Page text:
I've been waiting for this one ever since I started my journey in Shanghai. The very name of this place - Samarkand - evokes images of a mystical faraway land, packed with exotic characters, camels and caravans. For two millennia, grandfathers from East and West would thrill their grandchildren with stories of how both ends of the world met and mingled at this very crossroads. And indeed, how this confluence of people, interests and knowledge spawned new derivatives of their own.
Located at the geographical edge of various great empires, Samarkand changed hands frequently, from the Greeks (3rd Century BC), to the Arabs (8th Century), the Mongols (12th Century) and the Chinese (numerous points in between). It's remarkable to me that this little place in the sun in Central Asia is described in vivid detail in the ancient texts of so many great civilisations. And that Samarkand has played a role in so much of the 2,000 years of shared history between East and West makes it a truly wondrous place to be physically present in.
While the city has had its ups and downs, its peak (and presently preserved state) was during Amir Timur's rule, who made it his capital in the 1370's. As the epicentre of an empire which covered most of Central Asia, Afghanistan, and parts of India and Persia, Samarkand benefited from the inflow of great wealth, and artistic know-how. I found it fascinating that its builders have so seamlessly integrated art, religon (Islam at the time) and learning - the sciences, languages etc. The Registan, for example, is a complex of medressas (or education institutions) and mosques, adorned with some of the most beautiful mosaic known to man. I really don't think there are many places in the world which execute all three elements so convincingly, and so harmoniously.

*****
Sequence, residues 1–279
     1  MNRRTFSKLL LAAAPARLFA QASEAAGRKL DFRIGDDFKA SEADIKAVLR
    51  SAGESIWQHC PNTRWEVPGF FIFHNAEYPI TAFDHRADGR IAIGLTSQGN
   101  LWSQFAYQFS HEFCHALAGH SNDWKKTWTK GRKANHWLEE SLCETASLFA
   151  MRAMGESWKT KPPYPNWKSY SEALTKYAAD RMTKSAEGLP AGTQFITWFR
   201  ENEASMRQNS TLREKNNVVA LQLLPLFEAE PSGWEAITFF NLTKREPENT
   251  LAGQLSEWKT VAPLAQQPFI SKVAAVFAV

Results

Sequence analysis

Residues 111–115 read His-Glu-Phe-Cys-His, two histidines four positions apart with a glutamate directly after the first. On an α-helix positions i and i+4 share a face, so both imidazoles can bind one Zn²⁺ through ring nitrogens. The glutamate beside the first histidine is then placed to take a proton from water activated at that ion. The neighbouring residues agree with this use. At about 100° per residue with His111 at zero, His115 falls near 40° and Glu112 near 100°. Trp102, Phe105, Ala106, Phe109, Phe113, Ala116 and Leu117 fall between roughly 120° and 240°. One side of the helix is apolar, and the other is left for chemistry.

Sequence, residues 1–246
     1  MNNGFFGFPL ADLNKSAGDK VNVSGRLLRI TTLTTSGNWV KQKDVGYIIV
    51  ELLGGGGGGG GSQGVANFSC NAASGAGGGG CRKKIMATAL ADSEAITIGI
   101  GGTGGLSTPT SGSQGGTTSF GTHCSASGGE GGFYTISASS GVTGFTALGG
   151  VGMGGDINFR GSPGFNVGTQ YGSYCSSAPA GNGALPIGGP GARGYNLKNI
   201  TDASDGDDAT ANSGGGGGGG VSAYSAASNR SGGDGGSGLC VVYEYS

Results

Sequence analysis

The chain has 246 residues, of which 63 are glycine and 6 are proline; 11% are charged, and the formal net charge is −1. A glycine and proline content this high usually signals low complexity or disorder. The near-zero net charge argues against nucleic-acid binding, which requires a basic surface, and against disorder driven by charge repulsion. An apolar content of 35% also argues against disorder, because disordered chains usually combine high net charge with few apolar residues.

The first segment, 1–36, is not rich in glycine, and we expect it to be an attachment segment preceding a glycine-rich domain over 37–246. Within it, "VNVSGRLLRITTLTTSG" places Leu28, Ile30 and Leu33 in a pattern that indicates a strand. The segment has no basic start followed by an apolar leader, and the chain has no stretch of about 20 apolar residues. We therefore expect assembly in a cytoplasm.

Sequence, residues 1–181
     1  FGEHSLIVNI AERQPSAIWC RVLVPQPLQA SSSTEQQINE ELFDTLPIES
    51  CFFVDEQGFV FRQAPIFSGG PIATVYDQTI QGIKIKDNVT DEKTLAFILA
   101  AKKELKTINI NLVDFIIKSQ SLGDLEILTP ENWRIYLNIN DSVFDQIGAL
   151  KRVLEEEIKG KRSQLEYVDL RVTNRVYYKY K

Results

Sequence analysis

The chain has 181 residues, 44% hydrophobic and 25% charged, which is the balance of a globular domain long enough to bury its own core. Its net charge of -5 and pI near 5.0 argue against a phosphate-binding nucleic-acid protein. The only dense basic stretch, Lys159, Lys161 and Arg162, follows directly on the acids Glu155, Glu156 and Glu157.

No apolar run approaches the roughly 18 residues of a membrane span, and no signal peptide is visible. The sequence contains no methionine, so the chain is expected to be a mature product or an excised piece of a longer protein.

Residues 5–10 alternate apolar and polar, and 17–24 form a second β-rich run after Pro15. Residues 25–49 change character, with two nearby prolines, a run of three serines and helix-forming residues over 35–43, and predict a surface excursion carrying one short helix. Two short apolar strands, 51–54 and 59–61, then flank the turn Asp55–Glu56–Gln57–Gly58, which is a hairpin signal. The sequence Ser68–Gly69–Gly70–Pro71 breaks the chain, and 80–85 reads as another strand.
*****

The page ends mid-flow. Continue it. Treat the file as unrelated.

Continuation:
There's just so much to photograph in Samarkand, but I'll focus on the main sights (Registan, Bibi Khanym Mausoleum, and the Shah-i-Zinda complex). Also a small series on the Old Town and the people of Samarkand.
The Registan - "Sandy Place" in the Uzbek language
Bottom pic: The view from the opposite direction - Sher Dor (Lion) Medressa from the arch of Tilla-Kari.
I hope R and X are still together.
The top pic shows what the Registan looked like prior to restoration. Not super different I suppose.
The bottom pic shows an unrestored portion of the inner wall of the Sher Dor Medressa. Again, some of the tilework has held up pretty well.
Bottom pics: Interior - see the light and dark bricks? The light coloured ones are from the restoration work.
The Bibi-Khanym Mosque is named after Timur's Chinese wife.